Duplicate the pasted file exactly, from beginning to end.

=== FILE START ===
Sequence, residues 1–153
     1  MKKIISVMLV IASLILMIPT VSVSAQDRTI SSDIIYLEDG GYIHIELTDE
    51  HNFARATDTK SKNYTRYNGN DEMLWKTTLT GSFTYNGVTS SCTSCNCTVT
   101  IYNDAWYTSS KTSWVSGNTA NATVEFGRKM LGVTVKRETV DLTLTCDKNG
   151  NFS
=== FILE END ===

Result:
Sequence, residues 1–153
     1  MKKIISVMLV IASLILMIPT VSVSAQDRTI SSDIIYLEDG GYIHIELTDE
    51  HNFARATDTK SKNYTRYNGN DEMLWKTTLT GSFTYNGVTS SCTSCNCTVT
   101  IYNDAWYTSS KTSWVSGNTA NATVEFGRKM LGVTVKRETV DLTLTCDKNG
   151  NFS